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Wheat Futures Drop After Tepid WASDE — Daily Grain Highlights

By Kirk Maltais


-- Wheat for December delivery fell 1.8% to $5.80 1/2 a bushel on the Chicago Board of Trade on Thursday, weighed down by USDA's increased outlook for Russian production in the WASDE report.

-- Corn for December delivery fell 1.6% to $4.68 3/4 a bushel.

-- Soybeans for January delivery fell 1.5% to $13.45 a bushel.




More Russian Wheat: USDA's Russian wheat production forecast was marked 5 million metric tons higher in this month's WASDE report, putting the total projection at 90 million tons. An uptick in Russian production is particularly consequential for wheat futures, as Russia is the leading exporter of wheat and has an outsized effect on world export prices.

"For wheat, we expect Black Sea competition to continue to undermine prices," said Terry Reilly of Marex in a note.


Changing Situation: A higher revision in yields for corn and soybeans in the WASDE report led to larger-than-expected upward revisions of crop production, which in turn pressured futures.

"Neutral to negative report overall, with higher-than-expected yields," said Naomi Blohm of Total Farm Marketing in a note following the report's release.

One big surprise was a 1.9 bushel-per-acre increase for U.S. corn yield, well up from the average outlook of 173.2 bushels per acre forecast by analysts surveyed by The Wall Street Journal.


Show of Force: Ukraine's report that a Russian missile hit a civilian vessel in the Odesa region was a source of support for grains Wednesday, but the effect waned into Thursday.

"Overnight prices have given part of the rally back," said Steve Freed of ADM Investor Services in a note.

Pre-WASDE jitters also kept futures steady until the report's release.




Quick Pivot: Thursday's production data from USDA weighed on CBOT grains, but the reaction of traders to higher-than-expected output data will likely be limited, said Arlan Suderman of StoneX in a note.

"Soybean traders are monitoring Center-West Brazil weather once they get beyond their initial reaction to today's USDA crop report numbers," Suderman said. A shortfall in Brazilian production would be more consequential to the world balance sheet than U.S. shortfalls, which is why reaction to the WASDE is limited, he added.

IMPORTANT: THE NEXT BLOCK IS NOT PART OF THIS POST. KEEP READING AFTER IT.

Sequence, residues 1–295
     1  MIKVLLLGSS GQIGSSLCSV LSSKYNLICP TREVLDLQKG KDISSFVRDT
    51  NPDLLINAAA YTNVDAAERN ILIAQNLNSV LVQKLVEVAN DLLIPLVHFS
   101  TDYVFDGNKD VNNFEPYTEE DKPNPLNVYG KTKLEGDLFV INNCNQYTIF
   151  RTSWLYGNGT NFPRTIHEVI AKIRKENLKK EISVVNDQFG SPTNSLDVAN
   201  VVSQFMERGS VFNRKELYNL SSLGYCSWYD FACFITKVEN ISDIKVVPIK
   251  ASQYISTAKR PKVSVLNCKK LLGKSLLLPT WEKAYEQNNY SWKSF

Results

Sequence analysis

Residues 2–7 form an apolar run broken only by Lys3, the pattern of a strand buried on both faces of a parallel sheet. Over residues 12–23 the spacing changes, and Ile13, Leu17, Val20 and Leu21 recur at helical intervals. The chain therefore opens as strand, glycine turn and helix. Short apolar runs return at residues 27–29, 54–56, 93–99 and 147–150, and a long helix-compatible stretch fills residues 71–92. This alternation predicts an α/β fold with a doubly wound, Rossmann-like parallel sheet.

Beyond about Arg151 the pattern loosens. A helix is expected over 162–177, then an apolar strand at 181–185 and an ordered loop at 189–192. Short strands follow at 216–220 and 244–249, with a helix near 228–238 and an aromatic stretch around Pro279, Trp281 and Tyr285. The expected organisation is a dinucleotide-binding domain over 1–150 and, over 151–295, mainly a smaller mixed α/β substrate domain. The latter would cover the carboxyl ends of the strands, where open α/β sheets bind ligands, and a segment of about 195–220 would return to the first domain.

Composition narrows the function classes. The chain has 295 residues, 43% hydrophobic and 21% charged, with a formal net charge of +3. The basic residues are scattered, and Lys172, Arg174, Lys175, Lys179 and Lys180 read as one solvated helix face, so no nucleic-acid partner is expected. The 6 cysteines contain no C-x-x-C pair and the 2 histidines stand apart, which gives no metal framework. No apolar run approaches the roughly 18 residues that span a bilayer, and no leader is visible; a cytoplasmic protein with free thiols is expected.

Bevy of Shipments: Following the release of its weekly export sales report Thursday morning, USDA confirmed large flash sales of U.S. soybeans with 1.04 million metric tons sold to China for delivery in the 2023-24 marketing year, and another 662,500 tons sold for delivery to unknown destinations.

Grain traders and analysts generally consider "unknown destinations" to typically signal China, meaning the market speculates the country purchased roughly 1.7 million tons of soybeans. The flash sales announcement came ahead of the WASDE report.


Thinning Herd: Covered railcars -- the kind used to haul grain -- are becoming increasingly expensive to rent, USDA says in its latest weekly Grain Transportation Report. Quoting analysis from trade publication Railway Age, grain-hauling railcars now cost over $600 per month to lease for five- to seven-year terms, which is higher than in early 2020, when rates were around $400 per month.

"That change could be due to there being fewer cars today, as well as higher interest rates and poorer rail service," USDA said.

Grain carloads in service are down 5% from this time last year, according to USDA.




-- USDA will be closed in observance of Veterans Day on Friday. It will reopen on Monday.

-- USDA is scheduled to release its weekly grains export inspections report at 11 a.m. EST Monday.

-- The CFTC is due to release its Commitments of Traders Report, delayed by the holiday, at 3:30 p.m. EST Monday.

-- The USDA is scheduled to release its weekly crop progress report at 4 p.m. EST Monday.


Write to Kirk Maltais at


(END) Dow Jones Newswires

November 09, 2023 15:39 ET (20:39 GMT)

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